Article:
Saturday, March 7, 2009

Working the Night Shift May Be Hazardous to Your Health

Working nights takes its toll on the body. Night shift workers are at a higher risk for accidents and sleep disorders, as well as digestive problems. Many experience increased psychological stress resulting from issues unrelated to work such as family and personal obligations that often interfere with a night worker’s sleep schedule. Although most people require 8 hours of sleep to obtain sufficient rest, many night workers seldom manage to achieve it. And, because our body's sleep cycle is based upon light and dark, night workers must battle against their natural sleep tendencies.

Scientific evidence has now shown that the disruption of the body’s internal clock, or circadian rhythms, may lead to hormonal and metabolic changes that increase risks for obesity, diabetes and heart disease. The full report can be found in the Proceedings of the National Academy of Sciences.

The report authors note that about 8.6 million Americans perform shift work, including factory workers, hospital staff, policemen, firefighters, pilots, road crews and truck drivers. Shift work is defined by the National Sleep Foundation as any type of schedule that falls outside the standard nine-to-five norm for business hours.

According to study author Frank Scheer, an instructor of medicine in the division of sleep medicine at Brigham and Women's Hospital and Harvard Medical School, “In the long run, the physiological impact of shift work on several markers involved in the regulation of body weight (such as) leptin, insulin, (and) cortisol, seems to contribute to the increased risk for the development of diabetes, cardiovascular disease and obesity.”

The researchers conducted a laboratory test simulating the effects of jet lag (or the lasting impact of regular shift work). The study participants were five men and five women who followed a constantly changing sleeping and eating schedule for a period of eight days. During this period, all participants ate and slept within all phases of the circadian cycle by following an artificially created schedule of 28 hours.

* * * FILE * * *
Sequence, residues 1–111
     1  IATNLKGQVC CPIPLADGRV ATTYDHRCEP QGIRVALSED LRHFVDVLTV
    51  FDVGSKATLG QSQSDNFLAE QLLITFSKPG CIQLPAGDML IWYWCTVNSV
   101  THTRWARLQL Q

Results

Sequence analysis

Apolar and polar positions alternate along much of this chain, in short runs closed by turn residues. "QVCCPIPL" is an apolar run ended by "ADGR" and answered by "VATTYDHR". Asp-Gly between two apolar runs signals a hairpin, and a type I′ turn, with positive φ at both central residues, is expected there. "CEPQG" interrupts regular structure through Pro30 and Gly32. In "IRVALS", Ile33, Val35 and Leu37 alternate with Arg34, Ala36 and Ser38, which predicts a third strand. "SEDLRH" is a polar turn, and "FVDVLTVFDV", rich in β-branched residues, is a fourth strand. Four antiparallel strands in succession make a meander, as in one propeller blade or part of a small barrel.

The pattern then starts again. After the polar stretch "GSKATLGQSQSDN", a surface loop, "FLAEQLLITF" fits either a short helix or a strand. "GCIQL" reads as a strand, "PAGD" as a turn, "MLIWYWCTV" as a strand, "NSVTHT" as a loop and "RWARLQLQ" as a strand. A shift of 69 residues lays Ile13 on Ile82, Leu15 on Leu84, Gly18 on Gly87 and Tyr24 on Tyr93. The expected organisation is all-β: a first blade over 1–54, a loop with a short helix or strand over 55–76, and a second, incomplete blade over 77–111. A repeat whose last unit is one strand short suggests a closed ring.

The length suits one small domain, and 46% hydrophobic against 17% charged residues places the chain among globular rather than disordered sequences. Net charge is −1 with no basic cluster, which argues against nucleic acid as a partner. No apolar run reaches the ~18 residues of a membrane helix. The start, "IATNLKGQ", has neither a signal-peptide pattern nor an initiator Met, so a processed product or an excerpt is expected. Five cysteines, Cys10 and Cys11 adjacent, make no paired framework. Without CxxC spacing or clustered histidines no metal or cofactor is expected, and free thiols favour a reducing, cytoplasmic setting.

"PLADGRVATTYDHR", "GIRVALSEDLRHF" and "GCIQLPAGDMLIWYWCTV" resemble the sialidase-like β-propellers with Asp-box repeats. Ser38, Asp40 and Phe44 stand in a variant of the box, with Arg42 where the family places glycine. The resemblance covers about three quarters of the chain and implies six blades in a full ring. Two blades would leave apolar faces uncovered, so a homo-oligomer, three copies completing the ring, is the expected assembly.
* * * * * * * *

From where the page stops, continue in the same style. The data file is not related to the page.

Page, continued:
The results of the experiment revealed that circadian misalignment caused a drop in levels of leptin, a hormone that of regulates weight. According to the researchers, decreasing leptin levels could cause an increase in appetite coupled with a reduction in activity and may lead to possible acceleration of the onset of obesity and heart disease. In addition, findings showed the occurrence of changes in blood sugar and insulin levels, which resulted in weakened glucose tolerance and reduced insulin sensitivity. In fact, three study participants having no prior history of diabetes were found to have developed glucose levels similar to those of pre-diabetic people as well as elevated daytime blood pressure levels.

The peak of hormonal change was noted during periods when participant schedules were a full 12 hours off the normal sleep-wake cycle, meaning that they were scheduled to sleep during the day and remain awake throughout the night.

Scheer warned that although the findings of the study are compelling, more research is needed to determine the weight of the results. He noted that the in-laboratory study was of short duration and acknowledged, “we don't yet know if circadian misalignment has a similar impact in the long run in a real-life setting where people are performing night shift work.”

Scheer also pointed out the need to study how various people respond to night shift work differently. He explained, “Because shift work typically affects people's alertness levels, and GI functioning, and those who don't cope well with this are likely to drop out. Which means that those who continue with this kind of work might not be so susceptible to such problems, and may be less sensitive to this kind of misalignment. These are all questions for the future.”